'I regret the years that I did not work. I took a break at the peak of my career. I should not have done that. You lose contact with people and to start all over again is a struggle.'
Rajnigandha actress Vidya Sinha looks back at her life.
Amol Palekar's pretty girl-next-door heroine Vidya Sinha is better known as Dadi these days.
After winning the Miss Bombay title, Vidya Sinha launched on a successful movie career, giving us films like Rajnigandha and Chotti Si Baat in the 1970s.
She gave up her career when daughter Jhanavi came into her life.
Today, she is a part of television serials like Qubool Hai and Itti Si Khushi.
Vidya Sinha talks to Patcy N/ Rediff.com about her movies, her marriage, and why she wants to work till the end.
'I joined the movies by fluke'
My father Rana Pratap Singh produced two films, Vidya and Jeet, both starring Dev Anand and Suraiya, in 1948.
My grandfather Mohan Sinha was also a producer and director; he directed 32 films and introduced actors such as Madan Puri and Jeevan.
He was the one who gave Madhubala her screen name in the 1947 film Mere Bhagwan (before that she was the child artiste Baby Mumtaz. In her first film as an adult, Neel Kamal, she was credited as Mumtaz).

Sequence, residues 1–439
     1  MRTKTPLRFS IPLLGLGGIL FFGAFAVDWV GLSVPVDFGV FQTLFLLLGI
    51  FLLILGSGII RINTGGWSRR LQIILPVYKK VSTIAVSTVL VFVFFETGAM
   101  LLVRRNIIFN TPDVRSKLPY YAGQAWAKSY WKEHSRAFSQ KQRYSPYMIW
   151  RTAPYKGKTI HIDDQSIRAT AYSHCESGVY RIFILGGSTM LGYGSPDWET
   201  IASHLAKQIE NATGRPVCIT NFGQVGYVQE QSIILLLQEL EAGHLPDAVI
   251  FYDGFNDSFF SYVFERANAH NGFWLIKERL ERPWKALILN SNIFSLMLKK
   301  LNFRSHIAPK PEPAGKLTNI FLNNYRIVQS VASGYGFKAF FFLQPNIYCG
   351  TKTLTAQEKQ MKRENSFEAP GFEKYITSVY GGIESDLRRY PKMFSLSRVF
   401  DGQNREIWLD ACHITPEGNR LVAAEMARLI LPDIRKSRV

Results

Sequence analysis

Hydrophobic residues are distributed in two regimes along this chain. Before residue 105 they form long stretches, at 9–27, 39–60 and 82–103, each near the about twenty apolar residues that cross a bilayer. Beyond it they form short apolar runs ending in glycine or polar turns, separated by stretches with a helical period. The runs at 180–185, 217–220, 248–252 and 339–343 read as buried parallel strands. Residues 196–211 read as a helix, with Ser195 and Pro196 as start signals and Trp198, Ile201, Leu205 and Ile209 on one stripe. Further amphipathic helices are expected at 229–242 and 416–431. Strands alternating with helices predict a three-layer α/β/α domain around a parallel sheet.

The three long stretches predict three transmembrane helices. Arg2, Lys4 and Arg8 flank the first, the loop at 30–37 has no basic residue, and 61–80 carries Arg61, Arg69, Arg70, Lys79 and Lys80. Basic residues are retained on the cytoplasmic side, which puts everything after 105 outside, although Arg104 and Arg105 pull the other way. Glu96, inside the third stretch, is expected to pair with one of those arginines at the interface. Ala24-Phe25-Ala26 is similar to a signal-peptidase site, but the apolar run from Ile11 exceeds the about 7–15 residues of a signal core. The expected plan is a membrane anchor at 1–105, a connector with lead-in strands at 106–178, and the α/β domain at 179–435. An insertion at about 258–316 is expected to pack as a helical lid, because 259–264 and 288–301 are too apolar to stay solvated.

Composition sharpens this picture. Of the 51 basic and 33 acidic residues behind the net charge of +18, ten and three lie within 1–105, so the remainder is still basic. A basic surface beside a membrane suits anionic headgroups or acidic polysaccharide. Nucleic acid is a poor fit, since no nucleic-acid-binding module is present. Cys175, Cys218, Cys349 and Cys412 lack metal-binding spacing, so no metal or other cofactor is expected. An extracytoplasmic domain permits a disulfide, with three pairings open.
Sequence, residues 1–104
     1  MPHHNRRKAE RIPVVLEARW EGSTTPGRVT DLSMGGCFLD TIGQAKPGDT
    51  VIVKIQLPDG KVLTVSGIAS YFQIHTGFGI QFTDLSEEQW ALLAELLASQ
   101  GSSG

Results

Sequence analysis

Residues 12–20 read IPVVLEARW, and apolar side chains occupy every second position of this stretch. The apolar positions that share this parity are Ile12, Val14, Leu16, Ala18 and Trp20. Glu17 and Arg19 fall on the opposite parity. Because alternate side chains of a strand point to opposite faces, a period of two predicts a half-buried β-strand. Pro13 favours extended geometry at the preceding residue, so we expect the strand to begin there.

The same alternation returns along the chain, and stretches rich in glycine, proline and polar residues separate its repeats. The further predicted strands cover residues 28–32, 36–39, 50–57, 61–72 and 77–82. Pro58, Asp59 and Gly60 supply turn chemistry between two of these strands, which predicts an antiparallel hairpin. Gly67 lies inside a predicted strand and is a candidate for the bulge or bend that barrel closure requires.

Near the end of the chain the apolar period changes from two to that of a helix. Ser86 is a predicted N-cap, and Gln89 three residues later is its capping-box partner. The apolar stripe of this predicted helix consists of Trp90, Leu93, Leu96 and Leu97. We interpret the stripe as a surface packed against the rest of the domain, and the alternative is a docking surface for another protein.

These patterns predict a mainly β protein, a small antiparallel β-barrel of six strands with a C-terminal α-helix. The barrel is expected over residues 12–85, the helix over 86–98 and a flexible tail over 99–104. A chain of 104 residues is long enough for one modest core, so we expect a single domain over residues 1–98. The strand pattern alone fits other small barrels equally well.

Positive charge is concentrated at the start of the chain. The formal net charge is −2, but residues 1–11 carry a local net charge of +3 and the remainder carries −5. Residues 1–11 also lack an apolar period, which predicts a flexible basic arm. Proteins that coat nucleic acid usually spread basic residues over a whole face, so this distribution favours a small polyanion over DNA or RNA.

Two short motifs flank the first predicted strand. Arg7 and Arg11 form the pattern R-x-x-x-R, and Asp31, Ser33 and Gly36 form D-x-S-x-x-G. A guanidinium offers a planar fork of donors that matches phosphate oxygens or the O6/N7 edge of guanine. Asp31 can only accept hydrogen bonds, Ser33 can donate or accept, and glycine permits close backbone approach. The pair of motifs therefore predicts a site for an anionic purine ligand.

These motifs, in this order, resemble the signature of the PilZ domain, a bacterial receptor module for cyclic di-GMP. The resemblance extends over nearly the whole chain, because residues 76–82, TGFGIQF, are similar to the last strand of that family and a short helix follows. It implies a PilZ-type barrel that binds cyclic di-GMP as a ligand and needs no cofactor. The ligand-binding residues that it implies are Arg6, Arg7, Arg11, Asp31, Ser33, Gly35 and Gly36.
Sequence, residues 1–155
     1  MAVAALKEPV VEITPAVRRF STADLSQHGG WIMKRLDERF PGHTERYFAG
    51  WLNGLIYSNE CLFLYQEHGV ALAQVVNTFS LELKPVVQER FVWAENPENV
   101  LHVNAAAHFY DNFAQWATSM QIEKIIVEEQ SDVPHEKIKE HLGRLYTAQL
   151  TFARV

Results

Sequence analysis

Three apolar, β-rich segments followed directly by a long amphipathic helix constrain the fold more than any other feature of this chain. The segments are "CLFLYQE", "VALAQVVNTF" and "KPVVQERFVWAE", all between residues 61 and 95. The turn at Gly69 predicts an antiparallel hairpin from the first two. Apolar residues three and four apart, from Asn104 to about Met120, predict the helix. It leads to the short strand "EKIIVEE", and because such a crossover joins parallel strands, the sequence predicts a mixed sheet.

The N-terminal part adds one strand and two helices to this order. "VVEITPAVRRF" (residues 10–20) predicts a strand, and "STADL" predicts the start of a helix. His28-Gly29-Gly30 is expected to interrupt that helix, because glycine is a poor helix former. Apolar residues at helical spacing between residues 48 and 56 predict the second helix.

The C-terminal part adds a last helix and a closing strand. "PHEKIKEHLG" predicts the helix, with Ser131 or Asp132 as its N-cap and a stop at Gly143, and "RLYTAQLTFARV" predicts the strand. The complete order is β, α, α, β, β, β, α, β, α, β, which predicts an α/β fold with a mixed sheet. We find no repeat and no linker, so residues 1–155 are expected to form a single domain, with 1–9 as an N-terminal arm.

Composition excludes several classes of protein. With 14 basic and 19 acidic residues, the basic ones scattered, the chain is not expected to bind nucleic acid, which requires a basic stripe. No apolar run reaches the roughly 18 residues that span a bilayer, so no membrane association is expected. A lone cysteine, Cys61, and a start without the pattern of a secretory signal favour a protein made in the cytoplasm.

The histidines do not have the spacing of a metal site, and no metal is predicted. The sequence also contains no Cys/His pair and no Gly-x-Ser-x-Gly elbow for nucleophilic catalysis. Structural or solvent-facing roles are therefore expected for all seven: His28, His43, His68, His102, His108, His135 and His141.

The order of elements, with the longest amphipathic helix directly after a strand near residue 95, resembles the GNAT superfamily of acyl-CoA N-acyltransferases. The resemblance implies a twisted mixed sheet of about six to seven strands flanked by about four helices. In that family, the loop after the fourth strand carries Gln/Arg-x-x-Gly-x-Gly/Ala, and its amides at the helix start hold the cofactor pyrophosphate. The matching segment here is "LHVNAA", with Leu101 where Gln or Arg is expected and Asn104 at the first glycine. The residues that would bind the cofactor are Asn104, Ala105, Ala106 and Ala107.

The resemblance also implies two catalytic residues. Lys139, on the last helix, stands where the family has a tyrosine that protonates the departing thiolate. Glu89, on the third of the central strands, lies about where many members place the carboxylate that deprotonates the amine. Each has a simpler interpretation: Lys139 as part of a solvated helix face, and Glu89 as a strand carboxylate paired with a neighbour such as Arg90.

He was the first director to make a film with a multi-star cast, Shri Krishn Arjun Yuddha, in 1945.
He was also the first director to show flying cars in the film Badalti Duniya (1943); this was before Chitty Chitty Bang Bang (1968).
I joined the movies by fluke; my father and grandfather did not want me to be in films.
We lived in Matunga (in central Mumbai). I was the only child. My mother died the day I was born. My father married again and had his own family, so I was brought up by my grandparents, my mother’s parents.
In 1968, I became Miss Bombay. I knew nothing about beauty contests, but my aunt forced me to participate and I won the title.
I started modelling after winning the contest -- for Colgate, Khatau Fabrics, Lipton tea to name a few.
I married a Tamilian Brahmin, Vernkateshwaran Iyer. We were neighbours, we fell in love and got married. I was 19.
'I told my family if you don’t let me work in a film, I will walk out of the house'
I was noticed from ads by Basu Chatterjee. That’s how I got Rajnigandha (1974).
I was married when I did my first film. My family was not okay with it, so I told them if you don’t let me work in a film, I will walk out of the house. They had no option and allowed me to do the film.
Raja Kaka was actually the first film I signed but it was released after Rajnigandha.
I did many movies with Basu Chatterjee -- Rajnigandha, Chhoti Si Bat, Tumhare Liye, and a few guest appearances.
'I knew nothing about films, about acting, about camera, about lighting. Basu Chatterjee taught me from zero'